Northeastern Section (45th Annual) and Southeastern Section (59th Annual) Joint Meeting (13-16 March 2010)

Paper No. 9
Presentation Time: 4:35 PM


ROBERTSON, Peter, Earth & Planetary Sciences, University of Tennessee, Knoxville, TN 37996, MCKINNEY, M.L., Department of Earth & Planetary Science, University of Tennessee, 1412 Circle Drive, Knoxville, TN 37996 and ATWOOD, Will, Earth & Planetary Sciences, University of Tennessee, TN 37996,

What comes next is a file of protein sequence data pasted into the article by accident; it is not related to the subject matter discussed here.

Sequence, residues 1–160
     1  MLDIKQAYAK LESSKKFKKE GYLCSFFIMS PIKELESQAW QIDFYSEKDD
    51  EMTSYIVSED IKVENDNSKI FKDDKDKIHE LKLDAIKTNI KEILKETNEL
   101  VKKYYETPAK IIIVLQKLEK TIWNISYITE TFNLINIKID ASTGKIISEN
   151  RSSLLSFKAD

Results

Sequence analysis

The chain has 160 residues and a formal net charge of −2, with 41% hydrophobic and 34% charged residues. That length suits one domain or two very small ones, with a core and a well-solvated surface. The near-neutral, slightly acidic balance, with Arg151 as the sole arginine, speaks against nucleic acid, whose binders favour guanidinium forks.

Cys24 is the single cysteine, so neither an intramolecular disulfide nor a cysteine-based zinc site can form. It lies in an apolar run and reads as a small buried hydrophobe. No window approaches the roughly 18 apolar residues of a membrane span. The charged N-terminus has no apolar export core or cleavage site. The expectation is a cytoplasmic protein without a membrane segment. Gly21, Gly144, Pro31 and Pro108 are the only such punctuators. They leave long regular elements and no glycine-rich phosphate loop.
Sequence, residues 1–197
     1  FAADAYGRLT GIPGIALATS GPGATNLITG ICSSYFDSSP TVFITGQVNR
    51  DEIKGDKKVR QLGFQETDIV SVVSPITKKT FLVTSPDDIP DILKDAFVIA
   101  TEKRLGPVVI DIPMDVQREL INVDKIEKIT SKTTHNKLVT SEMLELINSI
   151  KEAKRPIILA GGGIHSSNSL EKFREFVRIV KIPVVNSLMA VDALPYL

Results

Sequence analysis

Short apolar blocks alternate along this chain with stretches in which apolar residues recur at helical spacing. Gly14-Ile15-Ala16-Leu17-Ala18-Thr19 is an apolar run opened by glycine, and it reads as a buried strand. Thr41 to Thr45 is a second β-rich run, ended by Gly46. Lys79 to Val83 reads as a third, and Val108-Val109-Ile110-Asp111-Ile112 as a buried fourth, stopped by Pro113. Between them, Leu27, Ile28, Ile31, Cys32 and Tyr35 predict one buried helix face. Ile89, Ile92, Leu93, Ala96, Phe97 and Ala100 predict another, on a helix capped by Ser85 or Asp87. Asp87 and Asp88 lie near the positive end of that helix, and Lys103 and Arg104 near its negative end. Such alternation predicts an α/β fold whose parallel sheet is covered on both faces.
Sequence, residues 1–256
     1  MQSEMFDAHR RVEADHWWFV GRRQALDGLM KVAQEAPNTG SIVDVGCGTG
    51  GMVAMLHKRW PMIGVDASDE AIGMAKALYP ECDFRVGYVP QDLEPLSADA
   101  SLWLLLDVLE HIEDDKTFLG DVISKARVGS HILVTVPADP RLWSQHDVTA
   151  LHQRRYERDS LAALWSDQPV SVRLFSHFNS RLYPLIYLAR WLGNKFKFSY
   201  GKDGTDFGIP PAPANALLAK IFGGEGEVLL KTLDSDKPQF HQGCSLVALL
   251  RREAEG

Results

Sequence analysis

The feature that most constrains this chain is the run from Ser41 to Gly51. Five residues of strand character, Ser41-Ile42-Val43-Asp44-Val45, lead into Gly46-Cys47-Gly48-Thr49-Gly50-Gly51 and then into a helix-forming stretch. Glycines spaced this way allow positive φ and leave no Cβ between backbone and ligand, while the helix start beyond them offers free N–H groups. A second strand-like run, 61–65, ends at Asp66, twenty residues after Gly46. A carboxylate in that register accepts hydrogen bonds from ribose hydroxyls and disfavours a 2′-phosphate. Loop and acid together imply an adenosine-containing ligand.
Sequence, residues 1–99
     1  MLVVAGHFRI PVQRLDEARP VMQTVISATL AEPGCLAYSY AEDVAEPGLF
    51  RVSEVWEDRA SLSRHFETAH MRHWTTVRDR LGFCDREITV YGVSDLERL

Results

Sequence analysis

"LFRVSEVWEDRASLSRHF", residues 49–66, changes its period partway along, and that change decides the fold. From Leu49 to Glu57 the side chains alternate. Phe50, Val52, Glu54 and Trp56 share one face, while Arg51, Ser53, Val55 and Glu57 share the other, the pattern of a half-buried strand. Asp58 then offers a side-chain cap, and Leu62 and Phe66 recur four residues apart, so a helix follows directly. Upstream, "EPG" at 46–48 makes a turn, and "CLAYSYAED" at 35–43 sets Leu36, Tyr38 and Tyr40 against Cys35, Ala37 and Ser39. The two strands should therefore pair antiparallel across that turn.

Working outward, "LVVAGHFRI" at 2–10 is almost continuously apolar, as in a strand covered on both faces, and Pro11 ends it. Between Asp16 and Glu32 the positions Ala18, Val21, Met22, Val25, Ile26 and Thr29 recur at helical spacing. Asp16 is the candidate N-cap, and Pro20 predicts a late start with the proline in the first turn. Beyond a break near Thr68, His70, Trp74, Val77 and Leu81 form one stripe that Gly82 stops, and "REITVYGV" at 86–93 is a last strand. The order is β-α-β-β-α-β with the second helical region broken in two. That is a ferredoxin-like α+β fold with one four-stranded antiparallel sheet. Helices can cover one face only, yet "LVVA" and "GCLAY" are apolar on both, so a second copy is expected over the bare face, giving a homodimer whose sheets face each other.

The advent of new technology allowing for three-dimensional digital figures to be taken via laser scanning provides great opportunity for progress to be made in the study of echinoid morphology. Echinoid tests are relatively simple in shape and allow for highly-detailed scans to be taken and studied. From these scans, homologous landmarks can be chosen with precision and compared across samples to explore several variables. Such variables may include: ontogenetic change, species discrimination, phenotypic plasticity, and evolutionary change. This study examines morphologic variation of Rhynocholampas gouldii in the southeastern United States with samples taken from three locations in Florida. This species has a test shape that shows geographic variation associated with ecological adaptation to local substrate conditions (e.g., sediment size). For this quantitative study, each test was scanned using a Nextengine 3D Laser Scanner, which produced a digital copy of the sample. From this, three-dimensional coordinates of a series of homologous landmarks that fully describe the organism were analyzed using landmark analysis software packages. Our analysis indicates that R. gouldii shows significant variation in shape change among different geographic subpopulations. Furthermore, this shape change can be detected at different ontogenetic stages (test sizes) and related to specific adaptations in the paleoenvironmental substrate. Specifically, there is a trend toward higher test shapes with muddier substrates. We illustrate this using 3-D morphometric techniques to identify shape changes that would not otherwise be amenable to study.